My Irish Afghan
My Irish afghan has been with me for over 35 years. It was handknit by Jeannie Hoeffer, a friend of both my mom and grand-mom, Geeg. I didn’t know Jeannie that well at all so, it was something of a surprise when my mom told me that leaning of my engagement, Jeannie, an avid knitter, had offered to make me a wedding afghan if I might provide a pattern of my choice and wool.
I have always loved Aran knits and would longingly gaze at sweaters made out of the light colored Irish wool. My first Irish sweater was sent directly from Ireland by my brother Charles. It arrived just before Christmas of 1969. Charles was going to school on a junior year abroad program in Italy and he and his school chums used their school breaks to travel. As there was a strong Irish connection in our dad’s blood, a visit to Ireland was almost cumpulsory but our dad had passed away unexpectedly just a few weeks after Charles had arrived to begin his year and I know the trip was bittersweet. I have always cherished that sweater and the memories that it carries.
For the afghan I knew I would like one that shared those Irish roots so I found the pattern and Aran wool to make it at a little knitting shop in Santa Barbara. If memory serves me, I think I paid nearly $125 for all the skeins it would take. Back in 1978 that was a LOT of money. I remember bringing home three bags full—kind of like the nursery rhyme. Then a time was set to deliver the goods to Jeannie.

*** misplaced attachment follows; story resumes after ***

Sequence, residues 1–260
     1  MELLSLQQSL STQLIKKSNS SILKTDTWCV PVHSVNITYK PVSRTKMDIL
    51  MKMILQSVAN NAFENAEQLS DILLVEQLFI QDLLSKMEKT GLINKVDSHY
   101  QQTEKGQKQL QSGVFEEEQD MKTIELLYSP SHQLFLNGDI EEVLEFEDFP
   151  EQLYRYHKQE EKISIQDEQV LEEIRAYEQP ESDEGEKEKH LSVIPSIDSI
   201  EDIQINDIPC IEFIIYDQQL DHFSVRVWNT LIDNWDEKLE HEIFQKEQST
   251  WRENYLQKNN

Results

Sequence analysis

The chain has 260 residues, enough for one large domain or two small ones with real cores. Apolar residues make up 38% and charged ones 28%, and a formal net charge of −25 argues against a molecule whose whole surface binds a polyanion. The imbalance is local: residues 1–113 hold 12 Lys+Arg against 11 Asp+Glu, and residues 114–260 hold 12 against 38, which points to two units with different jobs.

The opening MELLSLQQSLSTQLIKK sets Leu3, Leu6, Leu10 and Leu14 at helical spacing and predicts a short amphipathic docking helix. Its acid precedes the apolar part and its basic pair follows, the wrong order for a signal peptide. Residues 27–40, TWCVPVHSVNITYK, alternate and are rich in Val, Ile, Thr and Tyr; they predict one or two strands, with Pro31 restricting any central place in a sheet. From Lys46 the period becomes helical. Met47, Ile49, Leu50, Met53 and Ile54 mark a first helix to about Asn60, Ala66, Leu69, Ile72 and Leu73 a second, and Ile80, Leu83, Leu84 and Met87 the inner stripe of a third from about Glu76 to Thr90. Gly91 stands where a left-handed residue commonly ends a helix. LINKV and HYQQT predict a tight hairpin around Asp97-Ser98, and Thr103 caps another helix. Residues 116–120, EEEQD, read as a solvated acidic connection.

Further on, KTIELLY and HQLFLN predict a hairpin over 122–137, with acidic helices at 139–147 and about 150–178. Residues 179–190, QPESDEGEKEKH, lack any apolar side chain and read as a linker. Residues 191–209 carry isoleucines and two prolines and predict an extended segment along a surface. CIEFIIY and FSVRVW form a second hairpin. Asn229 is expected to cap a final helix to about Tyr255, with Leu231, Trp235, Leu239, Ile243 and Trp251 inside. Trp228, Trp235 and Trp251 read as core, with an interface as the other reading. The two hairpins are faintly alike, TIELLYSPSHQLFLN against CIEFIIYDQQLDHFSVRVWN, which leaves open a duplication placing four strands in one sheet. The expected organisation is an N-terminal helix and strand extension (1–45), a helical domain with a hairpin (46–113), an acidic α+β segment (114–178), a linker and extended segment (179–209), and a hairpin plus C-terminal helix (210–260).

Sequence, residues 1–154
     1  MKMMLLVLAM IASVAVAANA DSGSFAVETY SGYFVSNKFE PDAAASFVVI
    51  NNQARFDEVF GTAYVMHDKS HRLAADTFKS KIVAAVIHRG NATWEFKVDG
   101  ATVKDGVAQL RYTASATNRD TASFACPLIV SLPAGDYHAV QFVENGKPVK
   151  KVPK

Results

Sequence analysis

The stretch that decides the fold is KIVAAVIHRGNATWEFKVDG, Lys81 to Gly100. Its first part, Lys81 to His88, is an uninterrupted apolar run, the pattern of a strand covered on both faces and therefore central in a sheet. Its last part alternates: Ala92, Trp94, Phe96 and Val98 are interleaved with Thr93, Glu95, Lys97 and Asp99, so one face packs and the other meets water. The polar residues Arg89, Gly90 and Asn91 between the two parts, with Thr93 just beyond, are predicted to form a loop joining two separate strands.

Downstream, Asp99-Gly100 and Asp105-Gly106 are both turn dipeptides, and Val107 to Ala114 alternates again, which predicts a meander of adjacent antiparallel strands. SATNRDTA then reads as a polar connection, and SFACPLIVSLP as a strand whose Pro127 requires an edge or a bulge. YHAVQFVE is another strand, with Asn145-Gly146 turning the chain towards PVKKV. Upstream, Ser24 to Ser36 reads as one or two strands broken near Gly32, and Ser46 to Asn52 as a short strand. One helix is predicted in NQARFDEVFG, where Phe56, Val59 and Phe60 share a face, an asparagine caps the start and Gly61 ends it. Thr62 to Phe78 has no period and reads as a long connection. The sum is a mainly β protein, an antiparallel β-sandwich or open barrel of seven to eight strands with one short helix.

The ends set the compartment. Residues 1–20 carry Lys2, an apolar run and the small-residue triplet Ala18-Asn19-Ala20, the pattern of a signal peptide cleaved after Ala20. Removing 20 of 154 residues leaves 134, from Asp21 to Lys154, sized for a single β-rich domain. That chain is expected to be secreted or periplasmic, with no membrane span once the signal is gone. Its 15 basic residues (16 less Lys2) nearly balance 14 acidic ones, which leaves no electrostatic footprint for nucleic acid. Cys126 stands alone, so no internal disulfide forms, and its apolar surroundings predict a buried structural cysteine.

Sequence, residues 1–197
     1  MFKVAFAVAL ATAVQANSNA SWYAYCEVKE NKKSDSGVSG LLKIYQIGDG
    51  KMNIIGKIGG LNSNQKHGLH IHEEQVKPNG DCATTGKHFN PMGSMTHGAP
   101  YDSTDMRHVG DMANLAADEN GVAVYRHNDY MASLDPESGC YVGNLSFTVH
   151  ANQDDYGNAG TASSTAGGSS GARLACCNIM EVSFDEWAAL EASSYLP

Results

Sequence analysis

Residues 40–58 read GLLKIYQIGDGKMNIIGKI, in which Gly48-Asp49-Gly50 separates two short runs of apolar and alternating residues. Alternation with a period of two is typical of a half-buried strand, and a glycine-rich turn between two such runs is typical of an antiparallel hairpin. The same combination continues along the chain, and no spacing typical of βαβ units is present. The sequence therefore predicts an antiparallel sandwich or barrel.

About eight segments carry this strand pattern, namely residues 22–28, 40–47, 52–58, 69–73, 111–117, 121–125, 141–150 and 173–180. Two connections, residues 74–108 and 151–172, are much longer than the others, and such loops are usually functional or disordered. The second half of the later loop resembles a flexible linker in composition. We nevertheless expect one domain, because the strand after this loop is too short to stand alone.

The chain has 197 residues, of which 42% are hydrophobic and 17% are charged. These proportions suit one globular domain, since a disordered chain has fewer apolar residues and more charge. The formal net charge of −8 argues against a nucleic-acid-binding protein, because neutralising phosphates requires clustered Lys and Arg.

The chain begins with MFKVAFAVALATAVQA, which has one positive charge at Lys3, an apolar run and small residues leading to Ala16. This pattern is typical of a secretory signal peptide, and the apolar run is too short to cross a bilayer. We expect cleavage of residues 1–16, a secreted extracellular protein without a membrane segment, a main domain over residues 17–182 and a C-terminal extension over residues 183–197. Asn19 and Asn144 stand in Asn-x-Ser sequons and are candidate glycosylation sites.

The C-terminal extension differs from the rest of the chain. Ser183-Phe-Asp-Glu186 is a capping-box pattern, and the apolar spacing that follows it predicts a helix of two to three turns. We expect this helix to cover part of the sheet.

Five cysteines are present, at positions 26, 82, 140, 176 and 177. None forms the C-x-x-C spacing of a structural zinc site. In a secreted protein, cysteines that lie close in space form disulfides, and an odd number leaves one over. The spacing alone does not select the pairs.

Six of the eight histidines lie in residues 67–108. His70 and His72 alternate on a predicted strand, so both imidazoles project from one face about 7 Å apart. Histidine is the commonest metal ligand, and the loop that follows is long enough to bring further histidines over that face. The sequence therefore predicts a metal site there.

Tea was a very lovely way for visits in those days although when I was required to go as a little girl I used to fidget incredibly in the crinoline petticoats and white gloves that my mom insisted that I wear on visiting days which always seemed to coincide with hot summer afternoons. But I was older now and my white patent leather mary-janes with lace trimmed bobby-socks had been exchanged for Birkenstock sandals and skirts made of woven Guatemalan fabric. Three generations of women, Geeg, my mom, and I arrived at Jeannie’s cottage for an informal engagement tea with the bags of wool in hand. I enjoyed a lovely time listening to them reminisce about loves, life and to give me a bit of old school marriage advice. After an hour or so, we left amid hugs, kisses and blessings.
Wedding plans moved along and about five months later at mid-day on a fine day in May, my new groom and I walked home with our bridal party in tow from Mission Santa Barbara to a lovely reception under the orange trees in the backyard of the house I had grown up in from the age of nine. Jeannie of course was there with hat and gloves as befit a lady representing her generation.
A few months later I received a call that the wedding afghan was complete. My groom and I set a date and time to pay Jeannie a visit. When we arrived, she greeted us at the door with her beautiful warm smile. She had wrapped the afghan around her like the familiar cape of which she had lovingly knit each stitch.
It’s been over 36 years now, and although my groom and I went our own separate ways decades go, I still have Jeannie’s afghan. I wrap it around me in the cool mornings and evenings like an old friend. And, when I look at it I cannot help but see a road map of my life and the many intertwining paths that have woven such a rich journey. Thank you Jeannie wherever you are.